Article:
"Crowdfunding" set to be biggest investment scam threat in 2013: Internet Scambusters #528
A couple of years ago, no one had ever heard of crowdfunding -- but now it's the number one investment scam threat of 2013.
Law changes are likely to make this Internet-based way of raising project funds more popular -- with crooks as well as entrepreneurs.
We have the details in this week's issue, along with a throw-forward on other big investment scam risks in the coming few months.
And now for the main feature...
Internet Funding Projects Lead to New Investment Scam
With interest rates still stuck in the doldrums and the constant search for more lucrative returns, investment scam tricks remain high on the list of fraud risks.
Many of the old familiar scams like Ponzi schemes, bogus precious metal and currency investments, and high-pressure "boiler room" pump-and-dump schemes are still raking in a fortune for the crooks.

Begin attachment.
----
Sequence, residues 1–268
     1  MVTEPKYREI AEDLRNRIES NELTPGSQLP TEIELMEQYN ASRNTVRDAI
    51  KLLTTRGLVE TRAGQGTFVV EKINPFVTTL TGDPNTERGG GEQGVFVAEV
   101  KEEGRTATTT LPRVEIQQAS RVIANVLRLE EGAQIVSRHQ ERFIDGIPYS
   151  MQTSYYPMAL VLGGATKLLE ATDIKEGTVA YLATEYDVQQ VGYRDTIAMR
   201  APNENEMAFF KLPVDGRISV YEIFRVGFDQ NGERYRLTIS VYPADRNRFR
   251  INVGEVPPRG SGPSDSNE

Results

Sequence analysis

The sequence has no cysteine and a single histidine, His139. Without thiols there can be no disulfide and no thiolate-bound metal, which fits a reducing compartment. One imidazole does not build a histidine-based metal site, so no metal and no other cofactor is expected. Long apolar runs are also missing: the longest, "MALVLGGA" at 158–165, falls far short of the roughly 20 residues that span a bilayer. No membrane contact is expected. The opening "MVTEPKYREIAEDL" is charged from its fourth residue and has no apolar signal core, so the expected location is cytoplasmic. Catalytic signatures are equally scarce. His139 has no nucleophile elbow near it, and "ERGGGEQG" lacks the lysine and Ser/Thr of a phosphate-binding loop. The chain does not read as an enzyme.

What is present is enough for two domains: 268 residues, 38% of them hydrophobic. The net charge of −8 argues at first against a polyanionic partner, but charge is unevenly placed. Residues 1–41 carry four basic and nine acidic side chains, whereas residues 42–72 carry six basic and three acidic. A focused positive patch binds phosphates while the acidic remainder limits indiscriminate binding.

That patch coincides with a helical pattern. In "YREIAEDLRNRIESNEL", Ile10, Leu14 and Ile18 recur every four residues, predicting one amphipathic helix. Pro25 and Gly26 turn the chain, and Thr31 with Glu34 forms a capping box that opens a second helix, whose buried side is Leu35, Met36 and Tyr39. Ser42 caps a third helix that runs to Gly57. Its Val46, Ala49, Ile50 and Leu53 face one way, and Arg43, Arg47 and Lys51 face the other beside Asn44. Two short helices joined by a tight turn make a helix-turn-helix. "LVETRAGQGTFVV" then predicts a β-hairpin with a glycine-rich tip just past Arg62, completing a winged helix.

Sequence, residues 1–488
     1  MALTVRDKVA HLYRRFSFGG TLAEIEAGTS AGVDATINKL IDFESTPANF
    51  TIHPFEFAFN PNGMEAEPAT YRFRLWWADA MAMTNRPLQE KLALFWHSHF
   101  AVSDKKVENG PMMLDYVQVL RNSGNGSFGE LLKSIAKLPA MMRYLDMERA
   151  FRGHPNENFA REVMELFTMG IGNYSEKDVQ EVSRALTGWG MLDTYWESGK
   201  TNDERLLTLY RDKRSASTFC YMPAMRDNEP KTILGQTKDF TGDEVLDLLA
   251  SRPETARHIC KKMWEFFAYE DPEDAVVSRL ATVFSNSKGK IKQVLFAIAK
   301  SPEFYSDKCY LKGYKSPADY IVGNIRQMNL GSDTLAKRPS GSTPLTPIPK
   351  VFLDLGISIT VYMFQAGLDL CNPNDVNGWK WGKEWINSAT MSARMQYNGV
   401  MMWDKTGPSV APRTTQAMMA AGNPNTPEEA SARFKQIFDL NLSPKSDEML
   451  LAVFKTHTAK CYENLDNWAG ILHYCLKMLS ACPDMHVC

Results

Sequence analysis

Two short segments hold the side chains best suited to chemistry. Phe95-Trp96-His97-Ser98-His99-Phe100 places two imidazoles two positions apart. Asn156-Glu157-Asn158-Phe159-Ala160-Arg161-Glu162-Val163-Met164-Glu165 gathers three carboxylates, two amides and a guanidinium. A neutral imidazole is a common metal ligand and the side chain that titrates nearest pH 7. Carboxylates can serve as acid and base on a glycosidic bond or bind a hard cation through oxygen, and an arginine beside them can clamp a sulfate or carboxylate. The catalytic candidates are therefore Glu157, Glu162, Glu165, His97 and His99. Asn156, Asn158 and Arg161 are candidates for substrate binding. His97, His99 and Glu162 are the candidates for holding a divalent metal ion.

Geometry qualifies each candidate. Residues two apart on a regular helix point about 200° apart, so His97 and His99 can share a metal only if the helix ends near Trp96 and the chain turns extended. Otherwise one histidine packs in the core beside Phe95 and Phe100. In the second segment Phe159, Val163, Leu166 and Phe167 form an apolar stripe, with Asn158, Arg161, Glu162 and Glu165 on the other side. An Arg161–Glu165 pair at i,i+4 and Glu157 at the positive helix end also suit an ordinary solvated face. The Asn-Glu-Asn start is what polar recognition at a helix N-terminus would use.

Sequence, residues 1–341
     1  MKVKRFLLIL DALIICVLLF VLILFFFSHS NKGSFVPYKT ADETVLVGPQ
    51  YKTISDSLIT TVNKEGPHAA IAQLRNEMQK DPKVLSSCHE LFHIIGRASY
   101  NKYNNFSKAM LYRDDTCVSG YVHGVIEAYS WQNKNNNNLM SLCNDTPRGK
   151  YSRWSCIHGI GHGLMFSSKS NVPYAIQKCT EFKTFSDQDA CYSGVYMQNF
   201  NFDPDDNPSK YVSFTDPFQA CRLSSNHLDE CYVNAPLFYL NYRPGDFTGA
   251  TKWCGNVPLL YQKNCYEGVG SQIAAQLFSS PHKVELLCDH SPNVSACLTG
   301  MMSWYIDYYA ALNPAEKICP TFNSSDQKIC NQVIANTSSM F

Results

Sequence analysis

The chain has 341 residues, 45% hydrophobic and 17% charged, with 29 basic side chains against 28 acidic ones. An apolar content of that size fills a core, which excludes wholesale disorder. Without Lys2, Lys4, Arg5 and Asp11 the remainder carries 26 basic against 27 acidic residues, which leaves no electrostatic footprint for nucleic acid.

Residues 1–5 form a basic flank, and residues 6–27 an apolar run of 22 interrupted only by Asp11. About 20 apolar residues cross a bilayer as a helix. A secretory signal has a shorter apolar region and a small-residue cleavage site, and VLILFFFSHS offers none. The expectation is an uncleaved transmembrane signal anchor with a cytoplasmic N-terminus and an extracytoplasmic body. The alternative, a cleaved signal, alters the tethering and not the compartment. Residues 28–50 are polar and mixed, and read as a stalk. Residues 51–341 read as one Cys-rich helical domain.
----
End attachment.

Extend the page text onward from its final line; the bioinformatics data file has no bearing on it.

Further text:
You can read about these in one of our earlier reports, 7 Deadly Sins: Investment Scams Promise Shortcut to Economic Recovery.
Since we produced that and other issues, though, a number of new tricks have emerged.
For instance, in its latest annual Top 10 Investor Threats list published a couple of months back, the North American Securities Administrators Association (NASAA) identified crowdfunding as the new number one danger.
Crowdfunding is such a new activity that many people likely have never heard of it!
Basically it involves using the Internet to attract large numbers of people to invest in a specific project -- like a new product or service -- instead of going the old route of borrowing from a bank or getting backing from venture capitalists.
A number of crowdfunding websites already operate. In fact, the number leapt from a few hundred to 8,000 in 2012. Many of these sites are currently "parked" -- not yet in use -- just waiting for the opportunity.
In the main, the sites that are operating don't promote just a single idea or product.
Instead they act as portals or platforms, publicizing scores or even hundreds of projects from which investors can choose.
The site operators themselves take a fixed fee or a percentage of the money raised.